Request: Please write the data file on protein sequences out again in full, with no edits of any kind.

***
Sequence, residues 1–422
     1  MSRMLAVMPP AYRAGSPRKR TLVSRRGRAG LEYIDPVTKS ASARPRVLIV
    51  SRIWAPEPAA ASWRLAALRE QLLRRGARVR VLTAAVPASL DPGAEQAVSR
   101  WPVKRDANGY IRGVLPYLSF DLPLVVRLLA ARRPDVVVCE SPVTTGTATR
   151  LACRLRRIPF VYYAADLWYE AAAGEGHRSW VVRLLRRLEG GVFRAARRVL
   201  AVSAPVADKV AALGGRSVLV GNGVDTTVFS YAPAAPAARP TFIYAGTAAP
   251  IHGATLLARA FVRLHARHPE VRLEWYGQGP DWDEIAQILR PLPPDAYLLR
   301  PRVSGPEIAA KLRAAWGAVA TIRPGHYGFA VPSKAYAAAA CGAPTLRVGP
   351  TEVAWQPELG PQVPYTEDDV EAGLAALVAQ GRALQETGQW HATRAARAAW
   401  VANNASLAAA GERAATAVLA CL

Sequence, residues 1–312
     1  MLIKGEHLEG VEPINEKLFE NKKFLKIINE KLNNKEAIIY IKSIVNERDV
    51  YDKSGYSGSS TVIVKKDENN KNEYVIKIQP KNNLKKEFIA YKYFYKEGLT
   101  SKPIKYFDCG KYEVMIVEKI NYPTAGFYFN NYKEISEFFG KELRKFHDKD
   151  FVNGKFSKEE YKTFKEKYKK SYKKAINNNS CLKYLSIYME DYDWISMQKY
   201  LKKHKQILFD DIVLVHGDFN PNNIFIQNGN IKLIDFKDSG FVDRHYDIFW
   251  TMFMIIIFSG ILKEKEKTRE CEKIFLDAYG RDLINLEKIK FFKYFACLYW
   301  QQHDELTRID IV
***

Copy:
Sequence, residues 1–422
     1  MSRMLAVMPP AYRAGSPRKR TLVSRRGRAG LEYIDPVTKS ASARPRVLIV
    51  SRIWAPEPAA ASWRLAALRE QLLRRGARVR VLTAAVPASL DPGAEQAVSR
   101  WPVKRDANGY IRGVLPYLSF DLPLVVRLLA ARRPDVVVCE SPVTTGTATR
   151  LACRLRRIPF VYYAADLWYE AAAGEGHRSW VVRLLRRLEG GVFRAARRVL
   201  AVSAPVADKV AALGGRSVLV GNGVDTTVFS YAPAAPAARP TFIYAGTAAP
   251  IHGATLLARA FVRLHARHPE VRLEWYGQGP DWDEIAQILR PLPPDAYLLR
   301  PRVSGPEIAA KLRAAWGAVA TIRPGHYGFA VPSKAYAAAA CGAPTLRVGP
   351  TEVAWQPELG PQVPYTEDDV EAGLAALVAQ GRALQETGQW HATRAARAAW
   401  VANNASLAAA GERAATAVLA CL

Sequence, residues 1–312
     1  MLIKGEHLEG VEPINEKLFE NKKFLKIINE KLNNKEAIIY IKSIVNERDV
    51  YDKSGYSGSS TVIVKKDENN KNEYVIKIQP KNNLKKEFIA YKYFYKEGLT
   101  SKPIKYFDCG KYEVMIVEKI NYPTAGFYFN NYKEISEFFG KELRKFHDKD
   151  FVNGKFSKEE YKTFKEKYKK SYKKAINNNS CLKYLSIYME DYDWISMQKY
   201  LKKHKQILFD DIVLVHGDFN PNNIFIQNGN IKLIDFKDSG FVDRHYDIFW
   251  TMFMIIIFSG ILKEKEKTRE CEKIFLDAYG RDLINLEKIK FFKYFACLYW
   301  QQHDELTRID IV